Dr. Nadine Morrison-Levy has been a full-time assistant professor in the Department of Pediatrics for the past 18 months. Her specialty is pediatric neurology, with a sub-specialization in pediatric epilepsy. She graduated from the University of the West Indies in Jamaica and completed her residency training and a Master’s degree in epidemiology at the same institution. She has also completed fellowships in pediatric neurology and pediatric epilepsy at the University of Toronto and the University of Ottawa.
“My clinical focus is managing pediatric patients in general neurology and patients with drug-resistant epilepsy, both inpatient and outpatient at Kingston Health Sciences Centre and in the wider community served by this region,” she says.
Dr. Morrison-Levy’s research interests involve exploring target therapy for children with drug-resistant epilepsy, especially in patients with genetic etiology. “Another research interest I am currently engaged in is educational interventions for medical trainees in an approach to managing common neurology diagnoses in Pediatrics,” she explains. To this end, Dr. Morrison-Levy is the recent recipient of two funding grants from SEAMO: one to attend the Harvard Training to Teach in Medicine program and one to attend the Queen’s University Master of Health Professions Education program.
Dr. Morrison-Levy’s commitment to her patients and to her fellow educators at Queen’s is apparent in her hopes for the future of the field of pediatric care and research. “My hope is that medical trainees will have a good foundation in the management of common neurological conditions in pediatric neurology,” she describes. “This I hope to achieve by engaging in different educational intervention research programs at present and in the future.”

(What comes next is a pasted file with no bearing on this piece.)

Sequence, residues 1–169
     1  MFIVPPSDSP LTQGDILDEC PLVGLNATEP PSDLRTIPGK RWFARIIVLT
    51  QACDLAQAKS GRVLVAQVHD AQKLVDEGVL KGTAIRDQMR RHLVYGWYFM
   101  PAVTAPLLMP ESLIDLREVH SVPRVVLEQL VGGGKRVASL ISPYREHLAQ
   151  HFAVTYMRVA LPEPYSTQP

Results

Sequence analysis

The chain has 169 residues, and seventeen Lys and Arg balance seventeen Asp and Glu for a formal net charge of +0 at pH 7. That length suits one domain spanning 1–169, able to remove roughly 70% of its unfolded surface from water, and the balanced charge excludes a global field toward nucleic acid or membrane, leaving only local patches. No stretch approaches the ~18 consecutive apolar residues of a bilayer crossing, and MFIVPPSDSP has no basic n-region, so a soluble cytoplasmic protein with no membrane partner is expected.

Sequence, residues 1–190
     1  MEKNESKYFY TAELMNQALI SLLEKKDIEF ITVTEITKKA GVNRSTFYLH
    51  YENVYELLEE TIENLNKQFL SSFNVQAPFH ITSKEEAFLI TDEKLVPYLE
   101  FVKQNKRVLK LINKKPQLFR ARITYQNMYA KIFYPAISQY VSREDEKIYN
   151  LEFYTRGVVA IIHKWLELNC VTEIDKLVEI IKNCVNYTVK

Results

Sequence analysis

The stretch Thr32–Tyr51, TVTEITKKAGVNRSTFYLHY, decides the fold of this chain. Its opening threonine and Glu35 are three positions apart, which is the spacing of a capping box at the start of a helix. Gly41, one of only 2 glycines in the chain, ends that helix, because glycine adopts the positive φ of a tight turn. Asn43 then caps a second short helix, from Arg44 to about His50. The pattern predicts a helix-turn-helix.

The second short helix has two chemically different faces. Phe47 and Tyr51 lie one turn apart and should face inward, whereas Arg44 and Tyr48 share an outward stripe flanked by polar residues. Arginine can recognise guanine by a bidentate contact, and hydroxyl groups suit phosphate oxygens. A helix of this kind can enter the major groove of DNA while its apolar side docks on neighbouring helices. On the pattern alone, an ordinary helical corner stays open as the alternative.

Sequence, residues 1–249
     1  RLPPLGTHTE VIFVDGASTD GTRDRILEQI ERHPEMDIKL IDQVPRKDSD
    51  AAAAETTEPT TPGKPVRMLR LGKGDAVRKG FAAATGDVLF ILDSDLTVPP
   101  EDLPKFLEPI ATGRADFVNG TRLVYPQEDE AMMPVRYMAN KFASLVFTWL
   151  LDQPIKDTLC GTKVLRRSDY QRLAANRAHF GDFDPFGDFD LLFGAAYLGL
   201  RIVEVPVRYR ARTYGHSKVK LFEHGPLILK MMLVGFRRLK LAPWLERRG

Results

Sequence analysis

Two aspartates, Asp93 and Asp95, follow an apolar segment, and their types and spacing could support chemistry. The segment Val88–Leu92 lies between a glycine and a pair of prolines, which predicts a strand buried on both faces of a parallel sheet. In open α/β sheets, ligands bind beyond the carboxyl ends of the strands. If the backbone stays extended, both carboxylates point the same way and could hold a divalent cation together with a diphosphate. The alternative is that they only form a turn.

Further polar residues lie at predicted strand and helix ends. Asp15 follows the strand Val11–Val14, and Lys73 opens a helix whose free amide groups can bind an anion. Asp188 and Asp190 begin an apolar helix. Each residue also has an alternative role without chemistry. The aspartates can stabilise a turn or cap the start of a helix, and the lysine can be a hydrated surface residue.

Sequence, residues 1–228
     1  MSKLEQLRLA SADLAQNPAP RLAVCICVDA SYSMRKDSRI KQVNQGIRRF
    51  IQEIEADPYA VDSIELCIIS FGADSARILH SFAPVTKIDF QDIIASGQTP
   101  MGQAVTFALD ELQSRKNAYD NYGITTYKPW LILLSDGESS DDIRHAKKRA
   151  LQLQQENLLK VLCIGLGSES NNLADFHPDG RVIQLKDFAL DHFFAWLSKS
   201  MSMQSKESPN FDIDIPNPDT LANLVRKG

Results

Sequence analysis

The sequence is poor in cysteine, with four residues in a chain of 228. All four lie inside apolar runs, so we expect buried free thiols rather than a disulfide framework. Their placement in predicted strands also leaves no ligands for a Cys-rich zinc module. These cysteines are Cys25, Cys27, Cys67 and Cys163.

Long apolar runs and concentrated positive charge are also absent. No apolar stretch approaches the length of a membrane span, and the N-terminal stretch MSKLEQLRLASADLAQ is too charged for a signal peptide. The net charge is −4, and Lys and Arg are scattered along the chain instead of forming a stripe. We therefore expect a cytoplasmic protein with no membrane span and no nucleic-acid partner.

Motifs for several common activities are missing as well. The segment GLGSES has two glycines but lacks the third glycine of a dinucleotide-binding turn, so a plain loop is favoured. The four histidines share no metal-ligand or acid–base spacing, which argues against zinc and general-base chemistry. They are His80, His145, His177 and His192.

One thing Dr. Morrison-Levy wants people to know about her practice is: “I enjoy caring for my patients!” That is why she says she is not characterized by the colour of her skin. She explains, “I deem this an honour to be working at this prestigious institution; however, I believe when you know who you are, the colour of your skin does not define you. I am confident in my work and worth and I give my best daily.”
According to Dr. Morrison-Levy, it is crucial to celebrate Black History Month in February. “As a Jamaican, our view of Black History Month is embedded in the rich culture of my country and celebrating the milestones of those who have gone before us,” she says. “I believe it’s excellent to highlight the culture and achievement of Black people internationally as this brings about inclusivity and adds variety, which is the spice of life. There is strength in diversity.”